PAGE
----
I’m resisting making a Zelda pun here
As noted yesterday, one of the first problems with creating a single list of all UK representatives is finding the links to each local list spread across local government websites.
In this technical blog post, I’ll talk about that process, as well some initial thoughts as how easy it is to scrape the data from those local lists once they’ve been found.
Ultimately, we want to cover all representatives, but in this post I’m just talking about councillors and council websites.
Finding some links
Here are some of our assumptions.
Every council has a website that contains a list of councillors somewhere on it. This means that there is a fairly small set of URLs we need to find. We can reasonably spend some time manually making lists of URLs. We’re not trying to spider the whole web.
I started by manually collecting the lists, going to each authority’s website and trying to find the list of councillors.
As an aside, it’s amazing how obscure anything about deliberation or representation is on some sites. Democracy is pushed to the footer links, when transactional services are front and centre. Of course, there is a good reason for this, but maybe there’s a need for a bit more balance.
Back to URLs. It’s a slow progress to manually collect them, so the next step was to look at the Content Management System (CMS) market. One of the major suppliers to local governments is ModernGov, and nicely they have quite distinctive URLs containing things like
mgFindMember.aspx. A search for
inurl:gov.uk inurl:mgFindMember.aspx found a lot of them quickly.
Then, a breakthrough, possibly. The Government Digital Service (GDS) maintains a service called “Local Links Manager” that local authorities can log in to and add URLs against a taxonomy of services. It’s not very well publicised, but reading through GitHub produced this URL:
This is a CSV with a lot of links in against a category including “Find out about your local councillors” (taxonomy code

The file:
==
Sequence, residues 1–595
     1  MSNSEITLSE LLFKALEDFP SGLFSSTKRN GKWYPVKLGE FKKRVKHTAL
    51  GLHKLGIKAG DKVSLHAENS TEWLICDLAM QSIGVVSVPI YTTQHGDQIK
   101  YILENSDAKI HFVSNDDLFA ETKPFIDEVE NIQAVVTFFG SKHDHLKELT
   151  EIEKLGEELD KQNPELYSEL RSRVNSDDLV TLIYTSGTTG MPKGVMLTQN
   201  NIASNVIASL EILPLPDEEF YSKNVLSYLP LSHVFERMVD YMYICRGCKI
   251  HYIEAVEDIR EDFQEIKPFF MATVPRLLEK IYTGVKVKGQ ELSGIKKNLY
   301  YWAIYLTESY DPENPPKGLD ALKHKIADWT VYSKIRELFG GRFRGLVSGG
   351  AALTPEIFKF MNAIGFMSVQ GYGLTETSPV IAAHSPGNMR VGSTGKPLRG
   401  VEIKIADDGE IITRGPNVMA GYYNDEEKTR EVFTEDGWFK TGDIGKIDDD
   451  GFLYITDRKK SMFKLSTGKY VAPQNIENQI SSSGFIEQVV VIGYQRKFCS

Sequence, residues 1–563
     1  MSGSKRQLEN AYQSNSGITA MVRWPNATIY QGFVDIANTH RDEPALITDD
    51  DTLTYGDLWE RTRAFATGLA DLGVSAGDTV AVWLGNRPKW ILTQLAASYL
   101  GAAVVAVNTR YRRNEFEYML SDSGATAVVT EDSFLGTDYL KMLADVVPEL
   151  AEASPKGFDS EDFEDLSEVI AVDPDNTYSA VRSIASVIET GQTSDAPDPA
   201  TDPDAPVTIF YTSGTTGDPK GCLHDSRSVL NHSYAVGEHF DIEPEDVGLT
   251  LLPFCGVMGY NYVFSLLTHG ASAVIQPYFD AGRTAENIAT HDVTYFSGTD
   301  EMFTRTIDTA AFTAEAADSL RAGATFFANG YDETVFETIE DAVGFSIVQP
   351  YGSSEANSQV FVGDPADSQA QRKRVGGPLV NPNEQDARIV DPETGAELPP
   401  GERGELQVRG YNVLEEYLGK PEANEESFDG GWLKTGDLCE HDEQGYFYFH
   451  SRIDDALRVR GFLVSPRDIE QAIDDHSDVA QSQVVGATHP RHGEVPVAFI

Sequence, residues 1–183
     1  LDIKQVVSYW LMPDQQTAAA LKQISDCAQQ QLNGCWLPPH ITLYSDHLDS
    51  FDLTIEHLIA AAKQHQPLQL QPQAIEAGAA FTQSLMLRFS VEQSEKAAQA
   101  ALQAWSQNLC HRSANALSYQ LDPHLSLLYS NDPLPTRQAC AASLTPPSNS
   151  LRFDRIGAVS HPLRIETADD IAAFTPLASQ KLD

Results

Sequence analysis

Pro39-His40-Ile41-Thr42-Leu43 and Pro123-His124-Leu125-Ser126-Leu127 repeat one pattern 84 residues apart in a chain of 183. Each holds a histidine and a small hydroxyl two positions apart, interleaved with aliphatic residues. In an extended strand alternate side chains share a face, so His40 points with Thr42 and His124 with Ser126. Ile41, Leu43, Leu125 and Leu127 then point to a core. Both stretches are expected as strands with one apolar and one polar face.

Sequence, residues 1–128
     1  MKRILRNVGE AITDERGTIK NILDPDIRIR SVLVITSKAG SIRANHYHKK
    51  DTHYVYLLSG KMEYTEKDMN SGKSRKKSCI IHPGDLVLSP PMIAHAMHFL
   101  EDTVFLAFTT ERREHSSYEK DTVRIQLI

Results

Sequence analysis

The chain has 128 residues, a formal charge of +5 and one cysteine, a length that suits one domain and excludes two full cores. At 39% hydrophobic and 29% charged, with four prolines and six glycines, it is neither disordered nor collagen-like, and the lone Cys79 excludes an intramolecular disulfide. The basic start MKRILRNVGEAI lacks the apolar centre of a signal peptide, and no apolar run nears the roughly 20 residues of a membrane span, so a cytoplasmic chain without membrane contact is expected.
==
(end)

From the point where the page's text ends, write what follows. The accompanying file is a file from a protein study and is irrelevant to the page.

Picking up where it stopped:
Filtering by these left me with about 581 rows – about the right number.
This was a great start, but it’s not quite right.
First, at a simple level, about 16% of the links in the CSV are broken. That is, they return a 404, 500 or in one worrying case a
410 Gone. Military coup by status code maybe?
Obviously some councils aren’t maintaining the links as they should.
Second, the working URLs often don’t actually point to a list of councillors, rather a page explaining a little about how many councillors there are, what they do, etc. This is a useful page to have (and for GOV.UK to link to – one of the reasons this CSV exists) but not for what we’re trying to do.
So it was back to manually editing the list using this CSV as a base, until chatting to Jon Lawson from OpenCouncilData who has already done this work in this CSV. All the links in the file actually link to the list of councillors, and better still they contain a GSS code for each too.
For our scrapers we want to use an identifier for the organisation not its current boundaries (GSS is a boundary ID, so it’s best not to use them for identifying councils).
Thankfully, Alex Parsons has made a CSV that maps between GSS codes and organisation IDs. The following magic command, with the help of Python
csvkit gives us what we want:
$ wget https://raw.githubusercontent.com/ajparsons/uk_local_authority_names_and_codes/master/uk_local_authorities.csv
$ wget http://opencouncildata.co.uk/csv1.php
$ csvjoin csv1.php uk_local_authorities.csv --left -c 18,16 | csvcut -c 25,21
At last we have a list of links to lists of councillors against a standard ID.
What to do with them?
Now for some scraping. Let’s start with the easy ones, ModGov and CMIS.
ModGov is probably the best CMS for us, because it has an API with a URL that’s predictable.
For example, the link in the CSV we made above is:
This tells us that ModGov is installed at
http://democracy.york.gov.uk, and that means we can change the URL to
Bingo, structured XML for councillors in York!
The links file we have gives us 195 councils who use ModernGov. And with a little Python we can get structured data on councillors for about a third of the councils we’re aiming for.
It’s a little harder to spot CMIS from the URLs alone, but we can look for
cmis in the URL. There’s no API here, but the HTML is standard enough that we can look for the class
PE_People_PersonBlock and pull councillors from there.
In tomorrow’s post I’ll dive into more detail about what I did with the links next. Do get in touch if you’re interested in any of this, or have ideas as to how best to file more common patterns in council CMSs.
Photo credit cogdog